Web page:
DEAR BOB: I read your recent item about property “stepped-up basis” with great interest, but I wish you had taken it further. Suppose an owner deeds you a house purchased for $100,000, which is now worth $300,000, and you live in it the rest of your life. Won’t you be paying taxes on $100,000 and be way ahead of the game? –Martin A.

DEAR MARTIN: You seem to be confusing apples with oranges. “Stepped-up basis” to market value refers only to the adjusted-cost basis for inherited property. In other words, the owner died and you inherited the property. Stepped-up basis is very important when the heir decides to sell the inherited property.

Purchase Bob Bruss reports online.

For example, if your basis for a property is $100,000, but it is worth $300,000 on the date of your death, your heir’s stepped-up basis is $300,000. When the heir sells that property, his taxable capital gain is only the amount exceeding $300,000.

This is a huge tax savings over a lifetime gift. Instead, if you give the same property to someone before you die, that person takes over your low $100,000 adjusted-cost basis in this example. If the donee then sells that property for $300,000, there is a $200,000 taxable capital gain.

Depending on local property tax assessment laws where the real estate is located, and the relationship of the person receiving the property, that person might be able to take over your current below-market property tax assessment. However, that has nothing to do with “stepped-up basis” for inherited property.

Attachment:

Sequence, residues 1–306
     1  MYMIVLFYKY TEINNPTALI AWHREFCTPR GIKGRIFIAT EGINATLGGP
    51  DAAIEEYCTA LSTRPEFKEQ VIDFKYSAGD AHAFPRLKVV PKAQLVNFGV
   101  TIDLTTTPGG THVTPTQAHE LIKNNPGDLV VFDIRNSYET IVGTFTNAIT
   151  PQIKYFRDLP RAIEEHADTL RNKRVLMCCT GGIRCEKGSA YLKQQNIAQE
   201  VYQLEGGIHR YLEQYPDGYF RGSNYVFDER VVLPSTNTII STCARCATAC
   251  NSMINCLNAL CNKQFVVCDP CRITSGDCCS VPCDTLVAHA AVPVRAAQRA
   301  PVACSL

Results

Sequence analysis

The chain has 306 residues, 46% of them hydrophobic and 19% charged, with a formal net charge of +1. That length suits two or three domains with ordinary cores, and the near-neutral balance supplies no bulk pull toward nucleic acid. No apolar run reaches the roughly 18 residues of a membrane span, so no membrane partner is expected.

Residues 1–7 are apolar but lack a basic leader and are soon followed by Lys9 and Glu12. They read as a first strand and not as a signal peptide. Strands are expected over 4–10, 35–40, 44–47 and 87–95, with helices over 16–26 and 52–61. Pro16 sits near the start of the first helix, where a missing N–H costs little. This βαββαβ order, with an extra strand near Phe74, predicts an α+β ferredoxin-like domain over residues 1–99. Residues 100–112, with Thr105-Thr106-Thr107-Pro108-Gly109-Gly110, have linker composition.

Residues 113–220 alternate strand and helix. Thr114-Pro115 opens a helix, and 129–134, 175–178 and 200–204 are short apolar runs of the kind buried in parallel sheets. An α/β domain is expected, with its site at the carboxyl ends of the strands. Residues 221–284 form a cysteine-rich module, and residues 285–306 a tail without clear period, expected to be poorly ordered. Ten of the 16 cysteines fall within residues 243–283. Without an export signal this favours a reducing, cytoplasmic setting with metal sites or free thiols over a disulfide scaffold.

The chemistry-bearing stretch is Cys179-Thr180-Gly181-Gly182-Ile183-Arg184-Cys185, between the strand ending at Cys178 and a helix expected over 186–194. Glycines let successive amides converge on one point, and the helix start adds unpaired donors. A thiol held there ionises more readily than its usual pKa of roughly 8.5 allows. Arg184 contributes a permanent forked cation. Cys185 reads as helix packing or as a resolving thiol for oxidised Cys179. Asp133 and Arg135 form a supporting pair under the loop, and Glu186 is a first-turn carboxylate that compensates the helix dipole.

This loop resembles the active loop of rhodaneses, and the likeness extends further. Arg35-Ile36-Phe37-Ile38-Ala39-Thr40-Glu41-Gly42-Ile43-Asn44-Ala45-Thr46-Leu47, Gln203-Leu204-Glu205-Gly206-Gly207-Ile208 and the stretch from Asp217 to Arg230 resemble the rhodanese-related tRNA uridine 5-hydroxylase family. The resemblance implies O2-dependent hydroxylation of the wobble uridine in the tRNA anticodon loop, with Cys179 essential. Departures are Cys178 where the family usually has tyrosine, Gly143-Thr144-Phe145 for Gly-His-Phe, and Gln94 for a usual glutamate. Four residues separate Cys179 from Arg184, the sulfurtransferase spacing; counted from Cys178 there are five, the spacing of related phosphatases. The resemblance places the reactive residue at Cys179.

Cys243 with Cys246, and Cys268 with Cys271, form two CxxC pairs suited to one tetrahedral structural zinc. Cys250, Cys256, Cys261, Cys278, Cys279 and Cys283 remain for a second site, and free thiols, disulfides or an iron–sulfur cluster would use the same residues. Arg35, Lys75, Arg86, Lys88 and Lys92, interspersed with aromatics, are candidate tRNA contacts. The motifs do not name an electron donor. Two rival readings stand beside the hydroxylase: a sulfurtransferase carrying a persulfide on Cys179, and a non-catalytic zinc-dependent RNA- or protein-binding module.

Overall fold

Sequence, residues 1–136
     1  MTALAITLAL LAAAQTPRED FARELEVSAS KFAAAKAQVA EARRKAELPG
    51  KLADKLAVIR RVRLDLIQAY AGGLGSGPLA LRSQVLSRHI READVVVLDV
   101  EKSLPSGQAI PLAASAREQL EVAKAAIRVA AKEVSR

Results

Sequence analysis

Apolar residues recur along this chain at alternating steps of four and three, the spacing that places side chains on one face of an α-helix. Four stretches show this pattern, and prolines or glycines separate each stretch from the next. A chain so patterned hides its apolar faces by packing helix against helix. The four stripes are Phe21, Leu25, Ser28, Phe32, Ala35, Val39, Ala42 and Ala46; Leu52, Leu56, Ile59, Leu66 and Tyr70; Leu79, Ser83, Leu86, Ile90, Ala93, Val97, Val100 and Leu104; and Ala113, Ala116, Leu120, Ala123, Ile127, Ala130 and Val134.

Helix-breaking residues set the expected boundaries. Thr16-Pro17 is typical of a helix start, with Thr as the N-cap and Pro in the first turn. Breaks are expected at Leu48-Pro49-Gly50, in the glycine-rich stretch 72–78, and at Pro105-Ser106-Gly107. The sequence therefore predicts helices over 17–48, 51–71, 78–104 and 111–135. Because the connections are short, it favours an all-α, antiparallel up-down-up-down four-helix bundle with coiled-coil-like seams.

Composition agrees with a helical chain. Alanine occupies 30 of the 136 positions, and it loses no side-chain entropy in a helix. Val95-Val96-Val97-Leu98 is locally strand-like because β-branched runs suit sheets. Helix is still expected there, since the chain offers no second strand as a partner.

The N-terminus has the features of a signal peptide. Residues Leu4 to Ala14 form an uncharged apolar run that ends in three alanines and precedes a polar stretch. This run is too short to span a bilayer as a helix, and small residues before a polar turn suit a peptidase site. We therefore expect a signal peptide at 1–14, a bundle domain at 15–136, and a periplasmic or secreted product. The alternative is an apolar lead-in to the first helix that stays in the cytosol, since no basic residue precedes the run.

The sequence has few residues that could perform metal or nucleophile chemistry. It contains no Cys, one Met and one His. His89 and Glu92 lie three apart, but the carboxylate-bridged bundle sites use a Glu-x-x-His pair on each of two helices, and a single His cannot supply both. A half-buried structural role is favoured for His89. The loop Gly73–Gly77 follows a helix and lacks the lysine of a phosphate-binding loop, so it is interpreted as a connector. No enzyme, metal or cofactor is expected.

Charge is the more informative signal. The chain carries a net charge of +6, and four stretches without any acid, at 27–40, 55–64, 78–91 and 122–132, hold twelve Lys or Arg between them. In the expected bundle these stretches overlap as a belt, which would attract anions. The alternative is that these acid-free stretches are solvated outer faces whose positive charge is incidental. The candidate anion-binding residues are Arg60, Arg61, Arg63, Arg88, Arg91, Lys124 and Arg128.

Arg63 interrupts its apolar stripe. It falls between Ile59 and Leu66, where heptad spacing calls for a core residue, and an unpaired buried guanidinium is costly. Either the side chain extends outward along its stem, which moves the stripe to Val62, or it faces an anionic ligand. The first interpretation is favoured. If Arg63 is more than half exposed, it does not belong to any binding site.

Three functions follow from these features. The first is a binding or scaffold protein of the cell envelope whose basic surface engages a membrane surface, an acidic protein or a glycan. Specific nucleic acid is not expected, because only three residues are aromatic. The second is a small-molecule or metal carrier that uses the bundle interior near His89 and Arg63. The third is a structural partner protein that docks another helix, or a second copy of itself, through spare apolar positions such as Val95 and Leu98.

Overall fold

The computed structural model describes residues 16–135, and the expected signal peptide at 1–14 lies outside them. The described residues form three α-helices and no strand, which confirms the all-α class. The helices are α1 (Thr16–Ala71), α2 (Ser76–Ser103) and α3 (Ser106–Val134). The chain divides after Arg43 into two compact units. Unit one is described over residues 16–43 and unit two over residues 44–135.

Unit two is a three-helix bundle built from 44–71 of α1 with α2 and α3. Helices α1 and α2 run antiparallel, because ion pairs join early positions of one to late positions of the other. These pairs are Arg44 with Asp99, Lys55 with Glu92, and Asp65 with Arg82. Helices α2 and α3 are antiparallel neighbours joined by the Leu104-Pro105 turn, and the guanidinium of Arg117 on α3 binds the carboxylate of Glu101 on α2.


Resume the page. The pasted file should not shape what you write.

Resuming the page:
DEAR BOB: We are not happy with our listing agent, but we have a signed listing contract. How can we change agents or sell for sale by owner (FSBO)? –Leah M.

DEAR LEAH: I hope you didn’t sign a long-term listing beyond 90 days.

If you are unhappy with your listing agent, your best recourse is to contact the agent’s brokerage owner or manager. Explain the situation and ask that your listing be transferred to the firm’s top sales agent for your area to complete the listing term.

Transferring a listing means the original listing agent will get a referral commission when your home sells, typically 10 percent of the office’s gross commission. A listing transfer keeps everybody happy at that brokerage so the firm will actively promote your listing, especially your new listing agent.

In today’s slowing real estate home sales market, you definitely don’t want to risk become a FSBO. If you want to receive top dollar, don’t even consider selling FSBO because you need all the professional help you can get.


DEAR BOB: I have a living trust. After I die, what does the final beneficiary have to do, such as filing court papers? I have followed your column for many years and have done very well investing in real estate. –Gloria T.

DEAR GLORIA: Congratulations on your successful real estate investments.

When your revocable living trust “matures” after you pass on, your successor trustee (such as a surviving spouse, trusted friend or relative, or bank trust department) will distribute your living trust assets according to the terms of your living trust.

No probate court action is required. It is that simple. More details are in my special report, “24 Key Questions Answered: Living Trust Secrets Reveal How to Avoid Probate Costs and Delays,” available for $5 from Robert Bruss, 251 Park Road, Burlingame, CA 94010 or by credit card at 1-800-736-1736 or instant Internet delivery at Questions for this column are welcome at either address.

(For more information on Bob Bruss publications, visit his
Real Estate Center

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